These men wanted to convince themselves that they were the hurt party and that they were being kind by having a secret affair. I don’t know of ANY person – man or woman – who says he/she feels their spouse was being kind by having a secret affair. Do you?
What Does M. Gary Neuman say? Here is an addended version of his article on Oprah’s site:
“In a new study conducted by marriage counselor M. Gary Neuman, it’s estimated that one in 2.7 men will cheat—and most of their wives will never know about it.
Gary documented these findings—and many others—in a groundbreaking new book. To write The Truth About Cheating, Gary surveyed hundreds of faithful and cheating husbands to uncover the real reason some men stray.
What’s the number one reason men cheat? Ninety-two percent of men said it wasn’t primarily about the sex. “The majority said it was an emotional disconnection, specifically a sense of feeling underappreciated. A lack of thoughtful gestures,” Gary says. “Men are very emotional beings. They just don’t look like that. Or they don’t seem like that. Or they don’t tell you that.”
How often does a man cheat on his wife with a woman who’s more attractive? Not as often as you may think. Gary found that 88 percent of the men surveyed said the other women were no better looking or in no better shape than their own wives.
How often do men confess to cheating on before being caught? Only 7 percent of men who strayed told their wives without being asked. Fifty-five percent of men in Gary’s study have either not told their wives or lied after being confronted with hard evidence. “I kind of tell people, ‘If you’re going to wait for him to come tell you, go buy a lottery ticket, because you like playing against the odds,'” Gary says.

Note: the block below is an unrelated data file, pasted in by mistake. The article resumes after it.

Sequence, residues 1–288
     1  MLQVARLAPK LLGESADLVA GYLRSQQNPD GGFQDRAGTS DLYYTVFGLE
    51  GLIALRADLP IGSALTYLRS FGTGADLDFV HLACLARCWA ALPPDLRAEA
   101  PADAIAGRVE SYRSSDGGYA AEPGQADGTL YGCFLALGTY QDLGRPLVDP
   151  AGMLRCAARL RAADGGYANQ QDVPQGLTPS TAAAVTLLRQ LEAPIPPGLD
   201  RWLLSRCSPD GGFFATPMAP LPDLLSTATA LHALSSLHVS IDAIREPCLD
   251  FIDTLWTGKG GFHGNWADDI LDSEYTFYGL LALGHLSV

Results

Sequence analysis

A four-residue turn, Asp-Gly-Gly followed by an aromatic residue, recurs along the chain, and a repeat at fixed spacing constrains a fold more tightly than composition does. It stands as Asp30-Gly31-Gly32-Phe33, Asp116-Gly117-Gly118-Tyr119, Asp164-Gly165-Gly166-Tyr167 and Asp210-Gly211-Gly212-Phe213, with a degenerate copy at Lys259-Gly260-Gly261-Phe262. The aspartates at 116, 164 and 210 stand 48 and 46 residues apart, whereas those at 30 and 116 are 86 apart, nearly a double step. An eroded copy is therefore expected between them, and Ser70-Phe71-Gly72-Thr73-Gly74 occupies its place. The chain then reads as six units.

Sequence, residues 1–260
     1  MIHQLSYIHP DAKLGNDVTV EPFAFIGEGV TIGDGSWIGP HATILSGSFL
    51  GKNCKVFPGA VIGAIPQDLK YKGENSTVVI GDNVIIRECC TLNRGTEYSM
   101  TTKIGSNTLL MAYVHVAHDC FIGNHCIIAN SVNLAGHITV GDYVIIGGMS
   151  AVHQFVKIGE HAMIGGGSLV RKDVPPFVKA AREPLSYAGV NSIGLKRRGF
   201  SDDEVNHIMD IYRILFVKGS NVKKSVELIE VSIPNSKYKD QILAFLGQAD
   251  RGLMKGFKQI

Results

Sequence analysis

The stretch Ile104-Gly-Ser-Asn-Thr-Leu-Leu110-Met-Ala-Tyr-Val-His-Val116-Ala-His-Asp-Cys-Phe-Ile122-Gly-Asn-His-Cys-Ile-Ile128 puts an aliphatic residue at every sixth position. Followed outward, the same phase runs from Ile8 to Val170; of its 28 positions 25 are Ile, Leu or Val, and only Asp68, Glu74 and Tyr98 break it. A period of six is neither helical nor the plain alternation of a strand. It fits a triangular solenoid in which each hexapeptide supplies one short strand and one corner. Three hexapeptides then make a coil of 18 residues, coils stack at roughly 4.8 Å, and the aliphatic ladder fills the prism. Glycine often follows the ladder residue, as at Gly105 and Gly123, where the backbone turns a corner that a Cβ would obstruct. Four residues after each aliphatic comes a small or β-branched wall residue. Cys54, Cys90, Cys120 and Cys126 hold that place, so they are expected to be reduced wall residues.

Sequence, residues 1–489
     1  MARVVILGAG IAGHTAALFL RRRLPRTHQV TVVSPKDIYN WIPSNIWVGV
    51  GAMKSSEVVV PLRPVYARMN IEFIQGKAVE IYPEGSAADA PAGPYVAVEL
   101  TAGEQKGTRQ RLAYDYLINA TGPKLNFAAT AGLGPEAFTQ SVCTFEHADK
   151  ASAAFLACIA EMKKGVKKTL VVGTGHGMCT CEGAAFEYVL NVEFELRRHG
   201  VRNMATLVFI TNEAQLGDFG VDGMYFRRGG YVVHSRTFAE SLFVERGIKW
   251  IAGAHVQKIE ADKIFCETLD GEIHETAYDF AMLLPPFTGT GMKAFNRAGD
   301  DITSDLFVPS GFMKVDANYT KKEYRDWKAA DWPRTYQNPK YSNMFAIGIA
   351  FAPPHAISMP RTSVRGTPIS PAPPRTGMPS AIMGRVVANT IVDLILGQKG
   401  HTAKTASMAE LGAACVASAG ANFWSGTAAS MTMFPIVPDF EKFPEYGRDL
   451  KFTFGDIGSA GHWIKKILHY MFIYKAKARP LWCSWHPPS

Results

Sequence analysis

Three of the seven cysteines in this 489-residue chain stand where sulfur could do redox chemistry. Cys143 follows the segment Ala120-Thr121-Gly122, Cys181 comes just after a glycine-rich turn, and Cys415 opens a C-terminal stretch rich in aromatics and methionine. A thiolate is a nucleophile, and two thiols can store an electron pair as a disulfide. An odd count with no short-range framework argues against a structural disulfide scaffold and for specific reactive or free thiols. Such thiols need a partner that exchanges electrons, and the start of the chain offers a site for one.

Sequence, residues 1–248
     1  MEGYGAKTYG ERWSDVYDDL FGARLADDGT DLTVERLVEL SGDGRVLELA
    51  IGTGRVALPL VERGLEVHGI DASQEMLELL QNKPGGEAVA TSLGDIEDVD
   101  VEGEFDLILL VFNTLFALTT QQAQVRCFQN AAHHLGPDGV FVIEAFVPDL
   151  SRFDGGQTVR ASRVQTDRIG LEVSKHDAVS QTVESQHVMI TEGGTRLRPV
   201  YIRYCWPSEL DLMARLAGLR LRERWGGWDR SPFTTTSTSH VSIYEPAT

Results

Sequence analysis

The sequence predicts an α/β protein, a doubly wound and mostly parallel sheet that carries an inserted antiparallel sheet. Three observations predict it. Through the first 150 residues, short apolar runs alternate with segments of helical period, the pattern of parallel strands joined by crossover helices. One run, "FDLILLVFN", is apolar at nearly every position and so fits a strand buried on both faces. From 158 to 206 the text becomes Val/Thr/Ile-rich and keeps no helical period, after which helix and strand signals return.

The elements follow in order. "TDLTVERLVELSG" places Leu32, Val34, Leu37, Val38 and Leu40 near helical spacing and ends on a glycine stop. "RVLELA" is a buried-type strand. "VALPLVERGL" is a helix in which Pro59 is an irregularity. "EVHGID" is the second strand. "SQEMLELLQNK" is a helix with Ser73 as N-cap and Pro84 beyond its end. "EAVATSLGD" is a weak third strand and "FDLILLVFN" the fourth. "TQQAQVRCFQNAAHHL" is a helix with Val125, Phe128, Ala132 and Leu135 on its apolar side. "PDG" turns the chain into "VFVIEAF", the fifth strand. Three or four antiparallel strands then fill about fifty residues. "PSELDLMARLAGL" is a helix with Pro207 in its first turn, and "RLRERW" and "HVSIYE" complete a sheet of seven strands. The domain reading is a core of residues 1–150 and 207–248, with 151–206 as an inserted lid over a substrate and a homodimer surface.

In 2004, Colleen discovered that her husband, Scott, was having an affair and says she caught him several times. The first time she says she caught Scott was on Father’s Day when the other woman called the house. “I was standing there right with him in the kitchen so I heard her, and she said, ‘Are you okay? Are you okay? Hang in there,'” Colleen says. “He tried to tell me it was a dispatcher from work and that was very suspicious.”
Colleen says Scott’s affair was painful, but the lying was worse. “When you’ve been married for so long and you trust someone so much and they look you right in the eye and they’re telling you a lie, it takes a lot to move past that,” she says.
Gary says Colleen’s desire to believe her husband is common. “The problem is that that’s the moment where every woman has to look at her husband and say, simply, ‘Look. The fact [is] that I think you may be cheating. I’ll trust you at your word. I’ve got no choice. But there’s something wrong with us.'” Gary says.
Although he felt connected to his wife, Scott says he started to feel insecure when Colleen’s mother passed away. “I felt powerless; I didn’t feel able to talk with my wife,” he says. “Looking back on it, I felt that it transferred onto our relationship when it really didn’t. She was really looking for me to be that strong point and I kind of walked away from it because of the insecurities I was feeling and the challenges we were facing in our marriage at the time and my abilities to be able to love her as a husband.”
Brian and Anne say they never thought they would have to deal with an affair in their marriage. Anne says Brian was never gone in the evenings, they were emotionally connected, and they had sex every night. Yet Brian was secretly having an affair on his lunch hour at work.